A Travellerspoint blog

January 2013

Jesus, Saints, and Angels oh my!

Wandering through shops, churches, and museums

sunny 75 °F

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How many churches and museums are there in Antigua? Too many to see in a couple if days! I run past several every day. They're not always open and services are held at various times during the day, but I find that if they are open everyone is welcomed. Many churches have restrictions about photography and video so I can't always take photos inside but it's OK to take pictures of the grounds.

I visited La Catedral, San Francisco, Casa Santo Domingo and along the way saw the staging area for Holy Week. It never ceases to amaze the amount of gold leaf that covers the wooden carvings on the altars and side chapels. The priests of the colonial era knew how to venerate in style. Everywhere I go there are statues, big and small, icons and images, saints and devils some in museums, some in homes, some in stores. And in an odd way, it's all alright. They fit here.

At the Cathedral which is located on the Parque Central [Central Park] there are some amazing statutes that date back to the 16th and 17th century.

Walking down the famous street with the arch and clock in Antigua there's an area churches use for staging their floats for the processions on Holy Week. I was able to put my camera through the wrought iron gates to get a few shots.
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Rather than go into La Merced, which would have been my next stop, I kept walking until I reached Casa Santo Domingo. As I've mentioned before, it is a favorite stop of mine, I love all the statues they have on display throughout the common areas. As I've mentioned before, it is a favorite stop of mine, I love all the statues they have on display throughout the common areas. It is quite expensive to have a meal there, but having an appetizer and a drink at the lounge is reasonable and provides nice ambiance. There is no cost to walking around and enjoying the grounds except if you want to go the museum at the back of the property. I found that if you come after 6:00 pm you can wander the grounds without paying a fee at the museum. It still provides some beautiful photography, although I did not go back today. Some other nice items to see are the fountains and macaws.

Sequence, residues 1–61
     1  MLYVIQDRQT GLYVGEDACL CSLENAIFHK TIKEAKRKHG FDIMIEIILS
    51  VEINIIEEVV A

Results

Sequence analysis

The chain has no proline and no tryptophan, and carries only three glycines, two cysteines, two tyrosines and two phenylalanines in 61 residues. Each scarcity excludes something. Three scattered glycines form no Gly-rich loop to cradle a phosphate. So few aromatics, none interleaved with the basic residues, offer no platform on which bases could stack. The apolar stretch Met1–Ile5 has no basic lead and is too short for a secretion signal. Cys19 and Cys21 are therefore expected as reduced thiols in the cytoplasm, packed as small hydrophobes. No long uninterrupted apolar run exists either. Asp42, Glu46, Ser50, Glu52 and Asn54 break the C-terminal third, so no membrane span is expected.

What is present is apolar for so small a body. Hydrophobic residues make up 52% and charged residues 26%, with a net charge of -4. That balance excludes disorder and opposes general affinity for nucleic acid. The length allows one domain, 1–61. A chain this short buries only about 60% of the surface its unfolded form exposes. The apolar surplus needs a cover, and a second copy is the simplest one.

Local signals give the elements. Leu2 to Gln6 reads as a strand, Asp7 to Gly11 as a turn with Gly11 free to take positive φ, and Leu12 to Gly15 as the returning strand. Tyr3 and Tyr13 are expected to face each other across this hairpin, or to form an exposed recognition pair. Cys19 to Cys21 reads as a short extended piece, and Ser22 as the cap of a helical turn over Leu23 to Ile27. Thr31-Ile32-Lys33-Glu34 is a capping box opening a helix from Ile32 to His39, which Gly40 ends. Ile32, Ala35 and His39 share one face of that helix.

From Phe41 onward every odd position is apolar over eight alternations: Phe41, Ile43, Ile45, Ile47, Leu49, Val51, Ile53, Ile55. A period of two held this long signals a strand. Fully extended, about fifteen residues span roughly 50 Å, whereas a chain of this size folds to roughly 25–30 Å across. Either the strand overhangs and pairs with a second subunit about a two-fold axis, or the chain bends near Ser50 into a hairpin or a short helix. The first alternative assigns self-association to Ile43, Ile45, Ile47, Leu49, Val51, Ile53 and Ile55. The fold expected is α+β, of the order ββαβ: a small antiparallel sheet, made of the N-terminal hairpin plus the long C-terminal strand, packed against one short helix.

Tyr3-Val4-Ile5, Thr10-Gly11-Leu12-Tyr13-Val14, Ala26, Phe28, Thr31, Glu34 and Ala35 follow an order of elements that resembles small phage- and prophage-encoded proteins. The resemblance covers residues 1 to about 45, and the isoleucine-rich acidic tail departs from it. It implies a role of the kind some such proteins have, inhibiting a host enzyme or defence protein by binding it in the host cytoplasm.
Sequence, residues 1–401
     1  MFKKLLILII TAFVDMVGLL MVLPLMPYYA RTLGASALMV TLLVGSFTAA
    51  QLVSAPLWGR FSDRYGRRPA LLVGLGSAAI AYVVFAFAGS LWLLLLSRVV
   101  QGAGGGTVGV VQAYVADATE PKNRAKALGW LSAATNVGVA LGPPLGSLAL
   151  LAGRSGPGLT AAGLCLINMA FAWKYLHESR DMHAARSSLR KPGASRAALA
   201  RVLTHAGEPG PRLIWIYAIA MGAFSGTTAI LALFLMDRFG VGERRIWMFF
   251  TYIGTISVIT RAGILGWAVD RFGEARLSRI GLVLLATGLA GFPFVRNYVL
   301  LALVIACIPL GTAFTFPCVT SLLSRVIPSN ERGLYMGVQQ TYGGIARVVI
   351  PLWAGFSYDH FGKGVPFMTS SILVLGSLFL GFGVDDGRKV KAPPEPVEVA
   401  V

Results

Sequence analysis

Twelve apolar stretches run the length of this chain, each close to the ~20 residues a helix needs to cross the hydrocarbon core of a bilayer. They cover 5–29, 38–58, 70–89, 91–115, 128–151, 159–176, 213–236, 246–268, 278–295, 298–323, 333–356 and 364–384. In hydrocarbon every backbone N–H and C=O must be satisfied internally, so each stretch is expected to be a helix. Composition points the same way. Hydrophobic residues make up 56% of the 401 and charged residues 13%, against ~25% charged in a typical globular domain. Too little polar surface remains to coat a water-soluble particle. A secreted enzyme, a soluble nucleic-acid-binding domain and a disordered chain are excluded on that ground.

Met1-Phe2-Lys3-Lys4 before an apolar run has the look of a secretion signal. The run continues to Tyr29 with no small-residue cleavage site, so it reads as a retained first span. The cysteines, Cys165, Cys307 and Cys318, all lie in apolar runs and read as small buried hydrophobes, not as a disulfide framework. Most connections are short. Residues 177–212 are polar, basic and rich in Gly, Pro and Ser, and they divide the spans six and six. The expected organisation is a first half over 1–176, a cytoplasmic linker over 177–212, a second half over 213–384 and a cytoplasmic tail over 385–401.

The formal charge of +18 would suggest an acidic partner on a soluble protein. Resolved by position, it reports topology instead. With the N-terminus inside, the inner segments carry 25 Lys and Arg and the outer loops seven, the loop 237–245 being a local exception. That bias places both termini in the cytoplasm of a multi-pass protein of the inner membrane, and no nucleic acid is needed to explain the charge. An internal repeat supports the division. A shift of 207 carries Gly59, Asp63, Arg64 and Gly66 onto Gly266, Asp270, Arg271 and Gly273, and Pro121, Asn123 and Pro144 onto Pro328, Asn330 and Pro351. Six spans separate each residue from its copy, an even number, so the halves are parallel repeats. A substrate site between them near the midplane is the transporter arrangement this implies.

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My final stop on this day's wandering was the San Francisco Church. It was more spectacular than I imagined. Its claim to fame is that it is the place of internment of Brother Pedro de San Jose Betancur. Hermano Santo Pedro was born in March 19, 1627 in the Canary Islands. The story goes he decided to come to Guatemala in hopes of finding a relative that was working with the government here. He ran out of money in is journey and had to work in Havana, Cuba to get enough passage to make it to Guatemala. One version of the story goes that he was let off in Honduras sick and left to die but recovered and walked to Antigua, another version simply says that he made it to Guatemala City, but left destitute and sick he joined the bread lines of the Franciscan Order. He enrolled in the local seminary (Jesuit College of San Borgia) hoping to become a priest, but he could not master the materials and soon left. He eventually became a Franciscan tertiary (third order) in the convent of Costa Rica in Antigua Guatemala where he took the name of "Peter of Saint Joseph." He visited the sick, poor, homeless and started the first hospital in Antigua. He wrote devotionals and a rule that became the foundation of a new order called la Orden de los Bethlemitas y de las Bethlemitas, subsequently recognized and approved by the Holy See. He died in Antigua in April 25, 1667. He was beatified on June 22, 1980 and was canonized on July 30, 2002 by Pope John Paul II. A plaque near his tomb in the San Francisco Church quotes Pope John Paul II calling "Hermano Pedro" the "first Canarian and Guatemalan saint."


The church at San Francisco actually doesn't allow photography inside. I didn't realize that until after I took the photo of the altar, so I don't have any other photos of the inside which was quite lovely. I found the altar interesting because of all the layers of statues. It's difficult to see in this photo, but the statue at the bottom window shows Jesus carrying his cross, the one above him is a statue of Jesus with his right arm bent at the elbow and his hand in a blessing with his index and next finger in a kind of peace sign. The third window from the bottom could be Jesus again in heaven or it could be a representation of God with a staff that looks like a tree. The top window seems to be the angel Gabriel with wings extended and a lance in his hand.